The Commander-in-Chief. The Father of His Country. The American Cincinnatus. The Conflagration from the Plantation (used during his UFC days, fig 1). Whatever you like to call him, everyone knows all about George Washington. He led the Patriots to victory over the British in the American War for Independence, allowing for the establishment of a free United States that would kick butt in everything for the next 200+ years. He presided over the Constitutional Convention, creating a governmental framework without any possible pitfalls. He became the very first President, and set various precedents for the office from titles, term limits, neutrality, and the fact that the American executive doesn't need to put the seat down for anybody. He is arguably the greatest man in the history of history! Unfortunately, there are many people who are willing to be arguably about it. Recent scholarship has attempted to take Washington down a notch or two, and show that he exhibited many shortcomings during his lifetime. I'm here to combat these so-called historians ("communists" is probably the more appropriate term) and present Washington the way he needs to be to those impressionable school children: as a hero who could do no wrong. Only then can Americans feel better about themselves.
|Fig.1: Only an infallible man can sucker punch like that.|
Saturday, February 8, 2014
|Fig.1: Did you know that the Luba and Lunda Kingdoms would hold hands while sleeping so they wouldn't float away from each other?|
Friday, January 31, 2014
The nagging wife. The domineering mother. The aunt that forces you to commit suicide for dishonoring the family. These tried-and-true stereotypes have been around for ages, but the one who embodied it in force lived over 1300 years ago. Wu Zetian used these inherent talents to move up from being a concubine, to the wife of an Emperor, to becoming the only woman in Chinese history to take the title of Emperor herself! She successfully manipulated all of the men in her life, as well as scared the living daylights out of her subjects, just by giving that look (you know the one I'm talking about). Her ambition turned the powerful Tang Dynasty on its ear, and many consider her to be one of the most powerful rulers (regardless of sex) in all of history! You'd certainly make sure to "call when you get there" with this mother!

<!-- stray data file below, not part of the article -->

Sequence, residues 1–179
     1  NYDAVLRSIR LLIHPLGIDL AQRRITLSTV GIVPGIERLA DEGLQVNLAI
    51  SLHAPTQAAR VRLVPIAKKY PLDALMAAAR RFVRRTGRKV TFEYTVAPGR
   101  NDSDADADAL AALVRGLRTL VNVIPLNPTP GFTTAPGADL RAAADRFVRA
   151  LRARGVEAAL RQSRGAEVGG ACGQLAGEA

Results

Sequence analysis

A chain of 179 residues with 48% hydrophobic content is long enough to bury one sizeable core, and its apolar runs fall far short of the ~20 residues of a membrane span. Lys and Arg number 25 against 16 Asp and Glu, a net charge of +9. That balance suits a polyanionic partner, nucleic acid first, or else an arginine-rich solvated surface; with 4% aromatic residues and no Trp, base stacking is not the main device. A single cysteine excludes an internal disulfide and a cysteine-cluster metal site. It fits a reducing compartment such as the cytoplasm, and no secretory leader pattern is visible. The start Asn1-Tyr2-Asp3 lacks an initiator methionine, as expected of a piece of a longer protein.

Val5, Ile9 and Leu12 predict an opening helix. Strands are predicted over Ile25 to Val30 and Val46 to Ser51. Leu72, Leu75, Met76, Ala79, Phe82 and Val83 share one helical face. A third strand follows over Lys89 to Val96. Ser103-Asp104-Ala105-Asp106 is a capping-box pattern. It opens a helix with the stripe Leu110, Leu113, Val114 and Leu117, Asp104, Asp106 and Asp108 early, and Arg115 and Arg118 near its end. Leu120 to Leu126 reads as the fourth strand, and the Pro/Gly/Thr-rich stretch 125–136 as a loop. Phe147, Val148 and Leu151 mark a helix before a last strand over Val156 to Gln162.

There were some initial signs that Wu Zhao (as she was known before she got all famous) would become pretty influential. First, a total solar eclipse occurred in 624, the same year of her birth, demonstrating her ability to manipulate celestial bodies even as a little baby! As she grew older, she reportedly shied away from her home and needlework duties, and appeared more interested in ghastly things like politics and reading! Wu grew up during an exciting time in Chinese history: Emperor Gaozu established the Tang Dynasty in 618, the first long-term dynasty to rule a unified China in four centuries! Wu wanted a piece of that action, and when an imperial recruiter came to her grade school for an assembly on all the perks of becoming the Emperor's concubine, she was first in line to sign up. At age 13, she entered the harem of Emperor Taizong, which is one of those accepted instances in history that, unless you're Jerry Lee Lewis, we can't help but get the heebee-jeebees about.
|Fig.1: Original concubine recruitment |
poster featuring Emperor Taizong,
circa AD 630.
Friday, January 24, 2014
|Fig.1: I wish I could take time out of my busy |
hunting-gathering lifestyle to make one of these.